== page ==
Livingdiseases caused by stress

diseases caused by stress

The symptoms of stress can affect our body, our mind and our behavior. Uncontrolled stress can contribute to many health problems, including high blood pressure, heart disease, obesity, and diabetes.

When a person is stressed, the body prepares itself precisely to respond to that stress. This response can cause physical changes in the body : It affects the neck and shoulders, for example, by enlarging blood vessels in large muscle groups to allow faster oxygen delivery.

Muscle problems

The muscles in our body tighten to protect themselves from injury when we are stressed. They tend to release when we relax, but if we continuously put stress on them, the muscles may not get a chance to relax. What can cause them to be tense too long? Headaches, back and shoulder pain, and body aches. Chronic stress increases tension in the muscles that run down the back of the back ; it restricts the movement of the neck and shoulders and increases our perception of pain.

Heart disease

Acute stress can directly increase your heart rate and blood flow, which can lead to high levels of cholesterol and triglycerides in your bloodstream. Stress has also been shown to trigger serious heart problems, including heart attacks. Stress can make you want to overeat, smoke, or stop exercising, all of which are risk factors for heart disease.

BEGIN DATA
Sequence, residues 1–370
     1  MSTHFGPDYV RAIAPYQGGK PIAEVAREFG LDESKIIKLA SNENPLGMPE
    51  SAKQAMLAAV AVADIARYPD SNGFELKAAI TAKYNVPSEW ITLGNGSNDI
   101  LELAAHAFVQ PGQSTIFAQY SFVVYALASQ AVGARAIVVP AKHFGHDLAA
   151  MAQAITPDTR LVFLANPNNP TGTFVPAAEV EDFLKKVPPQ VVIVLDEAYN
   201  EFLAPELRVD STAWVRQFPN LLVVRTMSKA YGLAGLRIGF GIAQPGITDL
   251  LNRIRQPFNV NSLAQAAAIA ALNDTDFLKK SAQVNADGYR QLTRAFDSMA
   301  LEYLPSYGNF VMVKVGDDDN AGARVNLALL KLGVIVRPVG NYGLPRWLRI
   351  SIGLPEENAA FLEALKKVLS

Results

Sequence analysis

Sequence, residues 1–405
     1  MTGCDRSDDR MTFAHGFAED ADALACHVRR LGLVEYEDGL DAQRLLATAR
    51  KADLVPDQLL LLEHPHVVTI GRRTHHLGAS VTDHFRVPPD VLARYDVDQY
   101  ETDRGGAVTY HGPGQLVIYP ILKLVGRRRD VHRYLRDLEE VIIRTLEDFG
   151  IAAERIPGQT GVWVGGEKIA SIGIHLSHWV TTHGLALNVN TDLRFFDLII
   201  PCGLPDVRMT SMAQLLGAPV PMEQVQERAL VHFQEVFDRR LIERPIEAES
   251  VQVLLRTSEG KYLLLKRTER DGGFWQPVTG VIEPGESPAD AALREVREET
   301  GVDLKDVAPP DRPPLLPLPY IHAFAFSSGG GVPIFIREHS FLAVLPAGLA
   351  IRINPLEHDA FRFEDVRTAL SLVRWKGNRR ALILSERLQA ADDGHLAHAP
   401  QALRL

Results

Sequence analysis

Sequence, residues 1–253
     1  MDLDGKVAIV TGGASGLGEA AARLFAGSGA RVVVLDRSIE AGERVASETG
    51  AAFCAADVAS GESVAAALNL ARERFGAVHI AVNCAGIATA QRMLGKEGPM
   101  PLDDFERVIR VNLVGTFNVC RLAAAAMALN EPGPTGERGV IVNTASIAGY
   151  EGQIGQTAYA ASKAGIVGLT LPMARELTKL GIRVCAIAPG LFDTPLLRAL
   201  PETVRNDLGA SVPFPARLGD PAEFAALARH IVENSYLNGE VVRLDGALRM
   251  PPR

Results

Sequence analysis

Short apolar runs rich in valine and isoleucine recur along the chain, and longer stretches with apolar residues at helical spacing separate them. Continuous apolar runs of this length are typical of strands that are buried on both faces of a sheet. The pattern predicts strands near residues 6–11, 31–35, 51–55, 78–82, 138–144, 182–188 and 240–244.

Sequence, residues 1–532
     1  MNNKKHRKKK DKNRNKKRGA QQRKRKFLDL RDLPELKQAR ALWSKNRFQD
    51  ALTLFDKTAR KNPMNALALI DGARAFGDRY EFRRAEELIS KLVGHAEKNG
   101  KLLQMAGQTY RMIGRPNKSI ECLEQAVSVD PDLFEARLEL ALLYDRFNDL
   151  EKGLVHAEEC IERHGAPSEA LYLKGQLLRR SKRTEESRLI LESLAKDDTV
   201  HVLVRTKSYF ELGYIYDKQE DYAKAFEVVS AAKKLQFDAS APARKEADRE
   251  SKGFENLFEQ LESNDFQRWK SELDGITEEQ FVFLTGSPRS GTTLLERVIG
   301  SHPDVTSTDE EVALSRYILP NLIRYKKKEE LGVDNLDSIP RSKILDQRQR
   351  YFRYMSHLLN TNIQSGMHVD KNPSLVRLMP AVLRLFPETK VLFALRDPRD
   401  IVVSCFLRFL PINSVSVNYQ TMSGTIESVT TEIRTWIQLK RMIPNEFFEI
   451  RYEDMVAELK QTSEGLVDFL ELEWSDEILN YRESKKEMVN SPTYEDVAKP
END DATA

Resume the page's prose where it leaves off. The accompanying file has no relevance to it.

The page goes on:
Gastrointestinal disorders

Stress does not cause ulcers, but it can create or aggravate digestive problems in people with common gastrointestinal problems, especially chronic heartburn (gastroesophageal reflux disease or GERD) and irritable bowel syndrome (IBS). Several factors, both biological and psychological, contribute to gastrointestinal disorders.

Alzheimer disease

Researchers have yet to prove the connection between stress and Alzheimer’s disease, but stress is thought to cause inflammation of the brain, making it more susceptible to general health problems, so stress may increase risk of suffering from Alzheimer’s. Likewise, stress is also associated with depression, which is known to increase the risk of developing Alzheimer’s disease.


Many studies have shown that stress can make asthma worse and is a common trigger for asthma symptoms in which the airways become inflamed and breathing becomes difficult.

Immune system problems

Stress stimulates the immune system, which, at first glance, may seem positive by keeping our body alert to avoid infections and heal wounds. However, with a high load of continuous stress, stress hormones cause a weakening of the immune system and end up reducing the body’s response to foreign invaders, making it more vulnerable.


Stress can worsen diabetes by increasing the likelihood of engaging in poor eating behaviors and raising blood glucose levels in people with type 2 diabetes. People with a predisposition to diabetes, either due to family history or lifestyle habits, can increase your risk by stress-induced overeating.

Referencia: Neil Schneiderman, Gail Ironson, and Scott D. Siegel et al. STRESS AND HEALTH: Psychological, Behavioral, and Biological Determinants Annu Rev Clin Psychol. 2005; 1: 607–628. doi: 10.1146/annurev.clinpsy.1.102803.144141


Shelley E. Taylor et al. Mechanisms linking early life stress to adult health outcomes May 4, 2010 | 107 (19) |

Vital Exhaustion and Incidence of Dementia: Results from the Copenhagen City Heart Study . Islamoska, Sabrinaa;| Ishtiak-Ahmed, Kazia | Hansen, Åse Mariea; | Grynderup, Matias Brødsgaarda | Mortensen, Erik Lykkea; | Garde, Anne Helenea; | Gyntelberg, Finnb | Prescott, Eva Irene Bossanod | Török, Esztera | Waldemar, Gunhilde | Nabe-Nielsen, Kirsten / DOI: 10.3233/JAD-180478Journal: Journal of Alzheimer’s Disease, vol. 67, no. 1, pp. 369-379, 2019

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